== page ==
The costs of poor usability
Today, I am going to share with you a little story about the costs of poor usability. Imagine if you will, that you are going to do the annual renewal for your website. It looks like there might be some alternate lower cost, better feature options available from the vendor now. However, you can't see them because you aren't allowed to "change plan" when you have a balance due.
The screw up
Here's where it gets interesting. So, you think, well I'll just "cancel" this pending charge over here on the billing page. Okay, some generic message about deleting a file or other. Not super clear. Okay, click go. (You're not too worried because there is a different cancel site feature on the website control panel.) Now you try and go back to your website control panel and look at the other plans. Well, it keeps having some sort of unspecified error. Then your domain email disappears. Oh noes! The cancel button on the billing page, actually blew away your entire domain!
So, I was able to get in touch with technical support via an 800 number. Not too bad a hold time since it was the middle of the night. He worked with me and we got the website back up. Good thing I had a full local instance of it, because they didn't have anything. They had immediately deleted the full site, logs and backups! I had to go through and manually recreate email accounts. But then I had to wait for users to "activate" their accounts before I could restore their email from the vendors back ups. This entailed about two hours of hold time the following day with less than 30 minutes additional time needed to talk with a tech to finish restoring the email.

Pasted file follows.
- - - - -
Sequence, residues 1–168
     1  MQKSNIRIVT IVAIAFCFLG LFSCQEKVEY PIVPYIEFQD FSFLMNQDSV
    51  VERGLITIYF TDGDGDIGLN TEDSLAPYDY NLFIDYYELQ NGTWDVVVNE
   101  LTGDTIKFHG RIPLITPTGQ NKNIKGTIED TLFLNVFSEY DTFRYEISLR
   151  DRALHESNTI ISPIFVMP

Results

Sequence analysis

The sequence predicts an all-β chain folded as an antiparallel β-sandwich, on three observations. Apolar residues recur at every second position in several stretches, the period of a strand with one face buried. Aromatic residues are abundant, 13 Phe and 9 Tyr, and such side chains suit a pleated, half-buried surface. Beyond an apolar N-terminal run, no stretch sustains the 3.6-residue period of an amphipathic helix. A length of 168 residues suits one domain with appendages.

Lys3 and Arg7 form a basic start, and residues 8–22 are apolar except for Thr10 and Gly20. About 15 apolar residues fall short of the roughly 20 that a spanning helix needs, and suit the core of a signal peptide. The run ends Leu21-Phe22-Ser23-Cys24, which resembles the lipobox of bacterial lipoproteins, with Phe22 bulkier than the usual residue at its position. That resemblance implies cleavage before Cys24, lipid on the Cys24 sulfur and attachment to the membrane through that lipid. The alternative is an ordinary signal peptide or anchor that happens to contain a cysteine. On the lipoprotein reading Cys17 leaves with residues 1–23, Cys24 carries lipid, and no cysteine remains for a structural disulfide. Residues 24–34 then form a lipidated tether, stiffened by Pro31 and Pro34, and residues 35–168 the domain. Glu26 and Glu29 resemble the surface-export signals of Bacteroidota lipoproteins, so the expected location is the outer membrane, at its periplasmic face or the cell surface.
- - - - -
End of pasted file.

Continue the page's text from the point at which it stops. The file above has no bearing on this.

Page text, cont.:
All told, the cost to me ended up being about 2 hours and 15 minutes of hold time and I'm thinking less than 90 minutes of tech time. (I'll try not to dwell on the being on hold for 30 minutes and then having the call dropped.) As a side impact of this was a lost day of productivity.
The vendor took the hit of paying for an 800 number line for almost 4 hours! Then there was the hit for the tech time of about 2 hours. That's a lot of money.
Domain users panicked. Will I ever get all of those hundreds of emails back? Will that important email I've been waiting for come in while we're down? They had to spend some time activating their account and waiting for their email box to be restored.
Poor usability costs everyone. Imagine if there had been a very clear warning along the lines of "hey, this operation will DESTROY YOUR ENTIRE DOMAIN!" Then followed up with a confirmation email or text? (I mean we do that for subscribing to an email list. So, it seems like that would be a legit thing to do for canceling an entire domain.) I think a lot of lost time, spent money and pain could have been avoided with better usability.